Signpost (Weber, Utah), 1991-01-041
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VOLUME 51. ISSUE 39 FRIDAY. JANUARY 4. 1991 JLHE IGNPO WEBER STATE UNIVERSITY1 President Thompson discusses student oppurtunities in a "Metropolitan University" By lorin May News editor of The Signpost Although important in their own right, the information and skills students gain in their major courses of study are only a portion of what they should gain upon obtaining a degree. President Thompson and his wife addressed a Convocations audience on what they considered to be the most important personal keys to success for students at a metropolitan university. President Thompson delivered a speech titled "Partners in Learning - Student Opportunities in a Metropolitan University" in the Austad Auditorium Thursday. He spoke of the opportunities available to people gaining an education, what Weber State is doing to help people take ad vantageof those opportunities, and most specifically, what Weber State students can do to take advantage of those opportunities. Thompson gave several key points to expand one's definition of true education. He said that this means an education that is both broad and deep. Avoid overspecialization. "In the 4 JIM SAWDEYTHf SIGNPOST WSU PRESIDENT Paul H. Thompson and his wife, Carolyn, spoke at Convocations. hurry to gain an education, there is a desire to these times." get in to a narrow specialty, to get a degree, A manager from a large company told and to go get a job," Thompson said. "I Thompson, "Graduates with a narrow focus would argue that that is a risky strategy in (See PRESIDENT page 2) Students are "worth it," Mrs. Thompson says By Joyce Zabriskie Senior reporter of The Signpost Those who missed convocations, Thursday, missed the upbeat and positive speeches given by new university president Paul Thompson and his wife, Carolyn. Carolyn Thompson gave a short history of her own education before plunging into a "You are worth it" speech on self-esteem. She began her education in a one-room school in rural Nebraska, she said, adding that she remembers when she went to school with only thirteen other people, including the teacher. At Weber State, when she was working toward her associate's degree, there were about 2,200 students on campus, she said. She remembers when the legislature gave Weber State permission to move from a two-year to a four-year college. 'Today, there are about 13 and (See THOMPSON page 2) News s Union Building renovations complete giving the building a whole new look Arts 5 New art show opens In Collie tt Art Gallery "The Beat" will soon be rocking from Salt Lake to Tremonton By Cheryl Jensen Asst. News editor of 7he Signpost By summer, KWCR 'The Beat," Weber State University's radio station, will broadcast from North Salt Lake to Tremonton, reaching nearly all of its large number of commuting students. That is a much farther reach than the present, from 36th Street north to the middle of Harrisville, said Bill Clapp, station engineer. The school this week ordered a $12,000 transmitter that will give the station capability of broadcasting at 3,000 watts, said Kelly Hammer, KWCR program manager. 'That will expand our listening audience and expand our revenue from new ads, " he said. KWCR now reaches only about 48 percent of the student body, he said. Last May Weber State purchased an excitor for 55,800 as a first steD toward eainins a new, more modern transmitting system. The school had planned for a couple years to replace the old transmitter, which it purchased used about 10 years ago, Hammer said. The old transmitter finally gave out in December and stopped running altogether. "We kept the old transmitter, but it died prematurely," he said. Until the new transmitter arrives, the station is running on standby at 55 watts, Hammer said. The transmitter will be here and working by the end of the quarter at the Browning Fine Arts Center, where the old transmitter was located. It will operate at about 300 watts, its lowest wattage capable, to avoid interfering with theater productions at the center, Clapp said. In the summer, the transmitter will be relocated at Promontory Tower and will be "cranked up" to 3.000 watts. it . 41.. ? - 1 ! ,3 The ice cometh DANfLLE MABEYTHE SIGNPOST THIS RATHER LARGE crystalline stalactite, a frigid sign of the season, adoms the face of the Dental Hygiene Clinic.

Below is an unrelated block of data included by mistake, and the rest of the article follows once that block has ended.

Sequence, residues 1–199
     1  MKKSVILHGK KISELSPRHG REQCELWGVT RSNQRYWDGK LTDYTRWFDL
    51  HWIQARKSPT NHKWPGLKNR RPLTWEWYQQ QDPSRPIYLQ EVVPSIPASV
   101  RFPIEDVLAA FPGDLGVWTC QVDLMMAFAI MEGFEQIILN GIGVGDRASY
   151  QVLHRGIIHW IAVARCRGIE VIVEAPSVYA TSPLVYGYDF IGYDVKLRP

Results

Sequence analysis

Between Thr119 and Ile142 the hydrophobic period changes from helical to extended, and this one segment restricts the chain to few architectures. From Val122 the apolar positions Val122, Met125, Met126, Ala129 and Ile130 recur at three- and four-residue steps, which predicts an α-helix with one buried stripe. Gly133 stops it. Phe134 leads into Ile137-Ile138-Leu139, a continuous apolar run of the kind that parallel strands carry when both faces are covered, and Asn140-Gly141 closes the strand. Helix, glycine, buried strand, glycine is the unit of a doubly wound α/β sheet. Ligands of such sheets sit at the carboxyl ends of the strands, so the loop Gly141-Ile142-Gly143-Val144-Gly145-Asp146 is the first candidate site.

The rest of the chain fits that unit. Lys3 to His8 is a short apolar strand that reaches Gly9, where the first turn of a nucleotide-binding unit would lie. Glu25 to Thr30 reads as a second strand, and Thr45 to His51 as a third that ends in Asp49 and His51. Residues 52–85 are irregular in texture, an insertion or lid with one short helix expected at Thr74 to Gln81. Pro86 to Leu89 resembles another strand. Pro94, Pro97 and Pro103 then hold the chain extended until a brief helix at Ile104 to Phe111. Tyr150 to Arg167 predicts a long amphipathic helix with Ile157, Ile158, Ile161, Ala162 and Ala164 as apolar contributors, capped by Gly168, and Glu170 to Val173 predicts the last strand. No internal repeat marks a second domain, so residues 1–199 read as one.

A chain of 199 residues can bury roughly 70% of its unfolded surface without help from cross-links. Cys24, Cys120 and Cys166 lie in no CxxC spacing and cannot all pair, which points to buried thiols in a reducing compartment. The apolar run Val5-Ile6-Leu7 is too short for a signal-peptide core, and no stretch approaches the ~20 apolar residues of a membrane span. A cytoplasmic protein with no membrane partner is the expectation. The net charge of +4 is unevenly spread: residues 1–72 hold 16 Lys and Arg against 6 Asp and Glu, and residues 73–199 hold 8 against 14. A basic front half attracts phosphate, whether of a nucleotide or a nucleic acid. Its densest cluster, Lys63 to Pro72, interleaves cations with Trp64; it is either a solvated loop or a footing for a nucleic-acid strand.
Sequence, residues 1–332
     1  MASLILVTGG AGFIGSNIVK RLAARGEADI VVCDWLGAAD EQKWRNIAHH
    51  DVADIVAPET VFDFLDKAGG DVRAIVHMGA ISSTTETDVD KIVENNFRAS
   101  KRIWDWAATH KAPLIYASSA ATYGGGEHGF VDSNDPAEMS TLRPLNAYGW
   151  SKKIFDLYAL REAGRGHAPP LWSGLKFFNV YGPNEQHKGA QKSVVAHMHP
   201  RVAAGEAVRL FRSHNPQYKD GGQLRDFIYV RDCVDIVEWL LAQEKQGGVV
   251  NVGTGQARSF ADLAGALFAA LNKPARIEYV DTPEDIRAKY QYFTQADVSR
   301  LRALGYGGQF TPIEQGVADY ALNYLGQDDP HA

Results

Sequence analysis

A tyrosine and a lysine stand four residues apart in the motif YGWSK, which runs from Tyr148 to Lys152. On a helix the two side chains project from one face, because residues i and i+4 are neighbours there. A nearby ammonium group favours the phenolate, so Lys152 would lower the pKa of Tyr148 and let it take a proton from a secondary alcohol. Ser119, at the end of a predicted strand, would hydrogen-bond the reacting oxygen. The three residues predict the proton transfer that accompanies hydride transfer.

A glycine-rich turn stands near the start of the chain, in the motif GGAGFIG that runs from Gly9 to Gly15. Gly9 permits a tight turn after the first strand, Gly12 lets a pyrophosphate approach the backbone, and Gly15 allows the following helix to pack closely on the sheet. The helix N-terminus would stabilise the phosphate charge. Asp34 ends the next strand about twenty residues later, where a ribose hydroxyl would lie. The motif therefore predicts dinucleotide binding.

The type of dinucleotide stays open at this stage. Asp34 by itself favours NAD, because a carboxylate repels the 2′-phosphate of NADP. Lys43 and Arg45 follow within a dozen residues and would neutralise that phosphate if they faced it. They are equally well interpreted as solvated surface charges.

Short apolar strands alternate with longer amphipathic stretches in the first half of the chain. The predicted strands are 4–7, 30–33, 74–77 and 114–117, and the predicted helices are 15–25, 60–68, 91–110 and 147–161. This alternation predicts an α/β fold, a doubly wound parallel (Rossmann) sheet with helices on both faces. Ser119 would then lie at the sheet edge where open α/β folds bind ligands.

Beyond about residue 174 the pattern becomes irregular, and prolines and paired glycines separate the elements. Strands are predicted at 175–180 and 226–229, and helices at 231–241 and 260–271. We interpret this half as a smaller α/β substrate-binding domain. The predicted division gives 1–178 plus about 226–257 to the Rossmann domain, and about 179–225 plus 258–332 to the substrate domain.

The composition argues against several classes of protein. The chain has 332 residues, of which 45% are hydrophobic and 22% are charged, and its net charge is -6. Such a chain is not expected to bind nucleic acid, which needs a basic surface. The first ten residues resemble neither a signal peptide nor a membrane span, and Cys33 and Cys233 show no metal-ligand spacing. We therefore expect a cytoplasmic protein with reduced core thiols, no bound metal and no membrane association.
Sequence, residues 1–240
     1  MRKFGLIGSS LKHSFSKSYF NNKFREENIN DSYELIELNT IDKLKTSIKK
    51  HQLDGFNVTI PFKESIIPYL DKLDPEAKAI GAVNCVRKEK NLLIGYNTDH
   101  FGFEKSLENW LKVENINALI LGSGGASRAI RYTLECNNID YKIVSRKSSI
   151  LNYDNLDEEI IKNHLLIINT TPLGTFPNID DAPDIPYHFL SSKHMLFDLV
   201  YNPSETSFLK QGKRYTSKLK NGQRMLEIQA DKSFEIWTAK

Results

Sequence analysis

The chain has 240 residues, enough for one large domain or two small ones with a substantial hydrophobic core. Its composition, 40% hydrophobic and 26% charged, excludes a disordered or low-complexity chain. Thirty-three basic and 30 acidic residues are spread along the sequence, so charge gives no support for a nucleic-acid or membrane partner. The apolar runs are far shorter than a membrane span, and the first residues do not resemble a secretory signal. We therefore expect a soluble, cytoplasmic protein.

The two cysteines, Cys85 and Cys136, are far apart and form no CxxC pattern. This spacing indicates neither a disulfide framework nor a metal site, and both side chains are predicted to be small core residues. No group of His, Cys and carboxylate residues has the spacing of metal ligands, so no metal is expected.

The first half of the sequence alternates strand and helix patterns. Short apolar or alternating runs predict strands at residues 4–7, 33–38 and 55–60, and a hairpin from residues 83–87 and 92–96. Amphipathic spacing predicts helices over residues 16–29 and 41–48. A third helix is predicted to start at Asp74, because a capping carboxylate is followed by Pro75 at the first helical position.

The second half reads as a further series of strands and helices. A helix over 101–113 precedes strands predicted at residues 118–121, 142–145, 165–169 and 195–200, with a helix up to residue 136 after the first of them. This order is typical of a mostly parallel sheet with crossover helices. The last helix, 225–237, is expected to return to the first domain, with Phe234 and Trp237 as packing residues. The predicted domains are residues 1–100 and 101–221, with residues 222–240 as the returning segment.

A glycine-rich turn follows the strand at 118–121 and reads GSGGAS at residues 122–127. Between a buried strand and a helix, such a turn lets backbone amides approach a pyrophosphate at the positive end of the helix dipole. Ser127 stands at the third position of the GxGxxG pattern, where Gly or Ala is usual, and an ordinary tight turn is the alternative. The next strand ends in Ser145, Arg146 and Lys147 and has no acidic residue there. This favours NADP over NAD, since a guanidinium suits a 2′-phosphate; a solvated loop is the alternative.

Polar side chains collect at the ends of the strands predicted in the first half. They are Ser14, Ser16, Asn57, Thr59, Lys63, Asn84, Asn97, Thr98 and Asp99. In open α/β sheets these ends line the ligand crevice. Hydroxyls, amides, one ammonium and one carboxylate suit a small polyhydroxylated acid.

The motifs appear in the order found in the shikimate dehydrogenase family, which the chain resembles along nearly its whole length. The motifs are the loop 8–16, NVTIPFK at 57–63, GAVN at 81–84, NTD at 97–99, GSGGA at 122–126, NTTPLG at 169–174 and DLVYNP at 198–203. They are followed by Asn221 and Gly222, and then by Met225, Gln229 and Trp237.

|Title||Signpost (Weber, Utah), 1991-01-04, Vol. 51, No. 39|
|Creator||Weber State University|
|Contributors||Associated Students of Weber State University; A generous grant from the Utah State Library and the Institute of Museum and Library Services.|
|Description||Weber's current student newspaper, the Signpost, first appeared on September 29, 1937. For two years prior to that time, campus news was disseminated via announcements posted on a bulletin board known as the "Signpost". As a result, the masthead of the first issue of the paper itself featured a rudimentary wooden sign with the title spelled out in rustic-looking letters. Over the years the paper has been published continuously, though the look, size and style has changed several times.|
|Subject||College student newspapers and periodicals; Weber State University|
|Publisher Digital||Stewart Library, Weber State University|
|Source||University Archives LD5893.W55 S5, Stewart Library, Weber State University|
|Rights Management||Public Domain. Courtesy of University Archives, Stewart Library, Weber State University.|